New 2D materials don’t exist in nature but conduct electricity

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Scientists have verified a 53-year-old theory on ferroelectric metals that could spawn a new class of multifunctional devices, a new study reports.

In 1965, Philip W. Anderson, a Princeton University physicist, theorized that ferroelectric metals could conduct electricity despite not existing in nature.

For decades, scientists thought it would be impossible to prove the theory. It was like trying to blend fire and water, they said. But now, Jak Chakhalian, professor of experimental physics, and colleagues at Rutgers University–New Brunswick, have succeeded. “It’s exciting,” he says.

“We created a new class of two-dimensional artificial materials with ferroelectric-like properties at room temperature that don’t exist in nature yet can conduct electricity. It’s an important link between a theory and an experiment.”

Ferroelectric materials are used in electronics such as cell phone and other antennas, computer storage, medical equipment, high precision motors, ultra-sensitive sensors, and sonar equipment. None of their materials conducts electricity.

“Ferroelectrics are a very important class of materials technologically,” he says. “They move, shrink, and expand when electricity is applied and that allows you to move things with exquisite precision. Moreover, every modern cell phone has tens of components with properties similar to ferroelectric material.”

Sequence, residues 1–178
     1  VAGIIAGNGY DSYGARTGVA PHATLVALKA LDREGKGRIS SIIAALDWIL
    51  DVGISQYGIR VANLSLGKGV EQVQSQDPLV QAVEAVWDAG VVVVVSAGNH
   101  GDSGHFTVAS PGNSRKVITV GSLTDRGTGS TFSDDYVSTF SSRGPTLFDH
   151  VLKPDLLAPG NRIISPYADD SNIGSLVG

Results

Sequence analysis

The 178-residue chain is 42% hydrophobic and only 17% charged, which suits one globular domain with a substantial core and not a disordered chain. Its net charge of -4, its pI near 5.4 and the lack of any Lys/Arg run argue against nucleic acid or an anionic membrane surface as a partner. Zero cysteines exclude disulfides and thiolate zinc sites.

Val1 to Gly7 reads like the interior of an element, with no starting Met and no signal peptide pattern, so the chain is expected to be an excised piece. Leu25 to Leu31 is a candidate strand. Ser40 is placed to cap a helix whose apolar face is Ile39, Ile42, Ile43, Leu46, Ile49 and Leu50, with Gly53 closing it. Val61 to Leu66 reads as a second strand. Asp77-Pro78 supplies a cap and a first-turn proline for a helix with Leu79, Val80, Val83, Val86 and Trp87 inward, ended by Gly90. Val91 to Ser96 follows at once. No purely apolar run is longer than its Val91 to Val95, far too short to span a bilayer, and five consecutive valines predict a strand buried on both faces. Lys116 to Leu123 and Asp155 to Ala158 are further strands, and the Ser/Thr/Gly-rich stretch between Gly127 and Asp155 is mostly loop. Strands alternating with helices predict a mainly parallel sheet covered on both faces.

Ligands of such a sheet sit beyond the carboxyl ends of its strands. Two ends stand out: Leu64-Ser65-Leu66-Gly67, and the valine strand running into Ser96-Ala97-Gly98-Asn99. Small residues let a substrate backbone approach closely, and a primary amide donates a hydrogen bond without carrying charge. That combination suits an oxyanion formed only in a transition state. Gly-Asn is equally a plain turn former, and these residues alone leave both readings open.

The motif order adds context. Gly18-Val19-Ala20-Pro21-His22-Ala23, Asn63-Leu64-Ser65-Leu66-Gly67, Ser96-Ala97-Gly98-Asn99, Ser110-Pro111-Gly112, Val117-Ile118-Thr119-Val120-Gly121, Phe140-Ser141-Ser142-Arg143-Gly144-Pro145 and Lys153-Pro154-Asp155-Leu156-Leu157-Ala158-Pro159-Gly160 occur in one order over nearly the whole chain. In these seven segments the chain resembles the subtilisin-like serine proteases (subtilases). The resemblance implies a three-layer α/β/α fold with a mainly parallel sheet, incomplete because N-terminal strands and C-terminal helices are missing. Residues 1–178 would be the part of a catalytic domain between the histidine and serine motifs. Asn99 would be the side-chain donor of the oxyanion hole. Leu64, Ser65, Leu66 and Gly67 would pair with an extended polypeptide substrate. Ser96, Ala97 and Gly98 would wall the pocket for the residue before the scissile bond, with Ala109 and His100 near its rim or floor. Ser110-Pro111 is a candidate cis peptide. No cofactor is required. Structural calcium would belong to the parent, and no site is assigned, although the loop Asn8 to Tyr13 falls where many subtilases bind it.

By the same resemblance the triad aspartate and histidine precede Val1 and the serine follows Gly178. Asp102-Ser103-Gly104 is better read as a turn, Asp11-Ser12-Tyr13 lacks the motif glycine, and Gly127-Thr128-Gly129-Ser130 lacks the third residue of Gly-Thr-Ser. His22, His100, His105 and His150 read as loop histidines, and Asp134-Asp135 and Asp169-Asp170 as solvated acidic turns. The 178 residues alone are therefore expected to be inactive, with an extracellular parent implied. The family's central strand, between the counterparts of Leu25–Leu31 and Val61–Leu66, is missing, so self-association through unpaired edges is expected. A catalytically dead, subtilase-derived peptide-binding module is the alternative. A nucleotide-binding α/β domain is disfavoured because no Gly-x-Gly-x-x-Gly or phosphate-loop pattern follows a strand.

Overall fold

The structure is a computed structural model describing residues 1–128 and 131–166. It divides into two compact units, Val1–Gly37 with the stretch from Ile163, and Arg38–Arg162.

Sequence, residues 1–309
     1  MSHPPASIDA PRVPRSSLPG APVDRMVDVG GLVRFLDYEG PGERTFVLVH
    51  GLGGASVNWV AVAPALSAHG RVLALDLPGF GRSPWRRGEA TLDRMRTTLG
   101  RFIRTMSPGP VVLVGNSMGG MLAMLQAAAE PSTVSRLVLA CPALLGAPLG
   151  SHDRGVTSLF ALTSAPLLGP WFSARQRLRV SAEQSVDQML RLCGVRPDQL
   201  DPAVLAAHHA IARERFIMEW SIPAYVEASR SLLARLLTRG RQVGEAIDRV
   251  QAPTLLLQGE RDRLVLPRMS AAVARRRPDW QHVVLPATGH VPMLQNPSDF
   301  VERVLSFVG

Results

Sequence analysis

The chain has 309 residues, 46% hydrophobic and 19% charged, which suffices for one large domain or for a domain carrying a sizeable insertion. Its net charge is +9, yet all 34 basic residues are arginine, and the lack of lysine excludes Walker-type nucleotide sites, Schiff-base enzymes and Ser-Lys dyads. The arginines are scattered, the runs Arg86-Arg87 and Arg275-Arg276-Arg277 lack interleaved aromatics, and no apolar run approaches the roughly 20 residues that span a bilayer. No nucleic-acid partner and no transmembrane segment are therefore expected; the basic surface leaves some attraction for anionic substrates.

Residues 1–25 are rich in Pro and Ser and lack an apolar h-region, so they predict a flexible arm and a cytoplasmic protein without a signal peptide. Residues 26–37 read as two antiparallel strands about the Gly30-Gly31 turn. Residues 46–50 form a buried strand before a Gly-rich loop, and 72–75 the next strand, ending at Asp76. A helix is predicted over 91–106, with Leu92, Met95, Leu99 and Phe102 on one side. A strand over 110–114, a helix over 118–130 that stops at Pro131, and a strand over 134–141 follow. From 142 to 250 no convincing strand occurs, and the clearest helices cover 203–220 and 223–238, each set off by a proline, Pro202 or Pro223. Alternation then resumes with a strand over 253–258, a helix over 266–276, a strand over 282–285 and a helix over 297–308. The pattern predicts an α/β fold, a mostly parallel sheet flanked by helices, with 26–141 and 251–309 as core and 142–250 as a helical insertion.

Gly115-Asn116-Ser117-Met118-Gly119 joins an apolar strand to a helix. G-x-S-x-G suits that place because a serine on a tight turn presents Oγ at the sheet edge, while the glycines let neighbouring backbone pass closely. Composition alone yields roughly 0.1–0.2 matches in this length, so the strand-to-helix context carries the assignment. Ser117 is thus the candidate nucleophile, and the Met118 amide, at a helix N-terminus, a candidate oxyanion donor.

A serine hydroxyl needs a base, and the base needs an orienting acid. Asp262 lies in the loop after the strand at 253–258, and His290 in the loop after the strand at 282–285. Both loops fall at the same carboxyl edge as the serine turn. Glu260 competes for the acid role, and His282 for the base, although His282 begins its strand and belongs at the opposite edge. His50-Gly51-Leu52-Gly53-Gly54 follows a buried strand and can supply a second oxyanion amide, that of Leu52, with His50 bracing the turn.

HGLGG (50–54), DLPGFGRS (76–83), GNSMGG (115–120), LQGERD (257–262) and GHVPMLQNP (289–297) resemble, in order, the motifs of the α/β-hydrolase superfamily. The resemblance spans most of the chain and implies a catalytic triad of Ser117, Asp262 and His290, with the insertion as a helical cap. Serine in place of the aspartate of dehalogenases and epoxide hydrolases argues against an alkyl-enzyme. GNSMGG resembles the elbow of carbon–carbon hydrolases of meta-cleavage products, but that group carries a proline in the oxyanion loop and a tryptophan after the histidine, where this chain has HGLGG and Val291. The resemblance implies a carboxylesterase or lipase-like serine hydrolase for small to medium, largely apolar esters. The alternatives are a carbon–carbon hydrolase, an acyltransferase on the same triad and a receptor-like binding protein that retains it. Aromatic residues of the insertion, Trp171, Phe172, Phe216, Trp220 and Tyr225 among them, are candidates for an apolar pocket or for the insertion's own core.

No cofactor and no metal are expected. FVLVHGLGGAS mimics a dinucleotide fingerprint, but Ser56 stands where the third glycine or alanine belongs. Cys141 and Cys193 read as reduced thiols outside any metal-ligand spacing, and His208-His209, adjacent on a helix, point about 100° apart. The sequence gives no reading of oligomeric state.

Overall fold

‘Extreme’ microscopes inspire new materials

Chakhalian couldn’t find a law of physics that says ferroelectric metals couldn’t be created, so his team used state-of-the-art tools to create sheets of materials only a few atoms thick. It’s like making sandwiches, Chakhalian says.

“When a material becomes ferroelectric, its atoms shift permanently and we wanted to add metallic properties to an artificial crystal that conducts electricity,” he says. “So we took two very thin layers to create a two-dimensional metal at the interface and added a third layer with special properties to shift the atoms in that metallic layer, creating a ferroelectric-like metal. The new structure has several functionalities built-in, and this is a big win-win.”

Yanwei Cao, a former doctoral student at Rutgers, who is now a professor at the Chinese Academy of Sciences, is the paper’s lead author. The findings appear in Nature Communications.

Source; Rutgers University